Permanent magnets are not like magnetic materials. They have hard inflexible structures. Their electron structures have been pre-aligned by high magnetic fields in their manufacturing process. They consequently exchange linear photons that have a permanent directional flow. Only softening by heat is likely to destroy their magnetism.
We describe permanent magnets as having a north and a south pole but in reality there are north and south poles throughout the magnet because they are particle related. We can cut a magnet many times across its length to make many magnets.
The unlike poles of magnets attract because south poles desire the energies north poles have. When two north energy emitting poles come together their photons conflict and they veer apart. When two energy desiring south poles come close together they veer apart because they each seek photons and there are few photon energies between them.
We will all have seen how substantial the forces of attraction and repulsion are. They are the the result of their particle desires for photon energies and such desires can be extremely strong. High forces do not mean high energy. As with the coil above a permanent magnet’s surround photon energies are not all circulating. Like any structure a magnet is absorbing energies from other sources and releasing energies to other sources. A magnet is not a mass energy store like a battery or a spring.
If you still need convincing that photon energies interact like particle energies do let us look at what happens when we have an electrical flow in a magnetic field as happens with electrical machines.
In the diagram the electrical wire flow into the page is producing a circulating photon magnetic field and the permanent magnets are producing linear photon flows. The photon conflicts on the left of the wire encourage the magnetic field photons to flow on the right of the wire.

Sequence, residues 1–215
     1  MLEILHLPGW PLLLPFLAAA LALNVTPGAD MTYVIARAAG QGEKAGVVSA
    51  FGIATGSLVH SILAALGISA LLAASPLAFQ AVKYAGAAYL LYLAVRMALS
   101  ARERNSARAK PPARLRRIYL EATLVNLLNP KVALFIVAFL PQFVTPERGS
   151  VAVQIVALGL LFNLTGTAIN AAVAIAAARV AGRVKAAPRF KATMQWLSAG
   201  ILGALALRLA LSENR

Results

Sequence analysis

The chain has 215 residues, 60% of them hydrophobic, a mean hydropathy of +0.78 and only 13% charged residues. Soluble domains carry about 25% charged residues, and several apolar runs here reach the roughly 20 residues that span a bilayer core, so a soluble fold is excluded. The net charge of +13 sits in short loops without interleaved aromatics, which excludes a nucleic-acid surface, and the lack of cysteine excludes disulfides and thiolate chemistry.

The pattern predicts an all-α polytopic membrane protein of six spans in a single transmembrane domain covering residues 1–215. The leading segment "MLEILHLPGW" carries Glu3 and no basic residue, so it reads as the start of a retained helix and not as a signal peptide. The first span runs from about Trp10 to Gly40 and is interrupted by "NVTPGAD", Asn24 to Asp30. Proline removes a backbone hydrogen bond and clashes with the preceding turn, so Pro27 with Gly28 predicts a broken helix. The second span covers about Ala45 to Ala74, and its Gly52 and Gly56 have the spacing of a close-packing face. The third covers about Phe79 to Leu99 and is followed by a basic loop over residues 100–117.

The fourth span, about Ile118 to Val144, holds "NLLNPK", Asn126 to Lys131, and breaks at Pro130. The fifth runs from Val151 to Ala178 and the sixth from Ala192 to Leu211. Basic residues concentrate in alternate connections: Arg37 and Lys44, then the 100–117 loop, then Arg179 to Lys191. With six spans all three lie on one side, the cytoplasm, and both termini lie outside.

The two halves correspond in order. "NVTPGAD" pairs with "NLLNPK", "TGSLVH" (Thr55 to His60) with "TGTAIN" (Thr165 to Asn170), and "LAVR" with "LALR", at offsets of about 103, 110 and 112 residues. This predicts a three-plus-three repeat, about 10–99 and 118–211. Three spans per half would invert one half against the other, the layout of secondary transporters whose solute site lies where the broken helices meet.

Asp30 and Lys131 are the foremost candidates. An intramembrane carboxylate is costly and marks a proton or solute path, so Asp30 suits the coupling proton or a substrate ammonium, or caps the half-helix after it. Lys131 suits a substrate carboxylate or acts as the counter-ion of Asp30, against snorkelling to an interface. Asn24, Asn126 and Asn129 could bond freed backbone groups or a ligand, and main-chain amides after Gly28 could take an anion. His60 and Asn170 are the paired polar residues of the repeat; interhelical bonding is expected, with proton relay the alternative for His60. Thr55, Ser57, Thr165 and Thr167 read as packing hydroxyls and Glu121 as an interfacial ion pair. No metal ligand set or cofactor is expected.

The photons on the right of the wire are now compressed and want more space so they energy interact with other photons to get that space and that is what causes the force on the wire and its motion.
Next time you have a magnet to play with try the following. Suspend the magnet on a piece of card between say two beakers. Invert say a cup,egg cup or plastic container and position it beneath the magnet and try balancing two 5p coins on top of one another. You may have to put packing under the beakers or cup to get it right but you will succeed and if you now blow at the coins through a straw they will spin one on top of the other.
Another bit of fun you can have is because the royal mint started making copper coated steel pennies in 1992. Unlike earlier pennies they respond to magnets. Give your friend a non magnetic penny and invite him/her to move it using a magnet under a table like you have done with a magnetic penny. Tell them they can’t be holding the magnet right.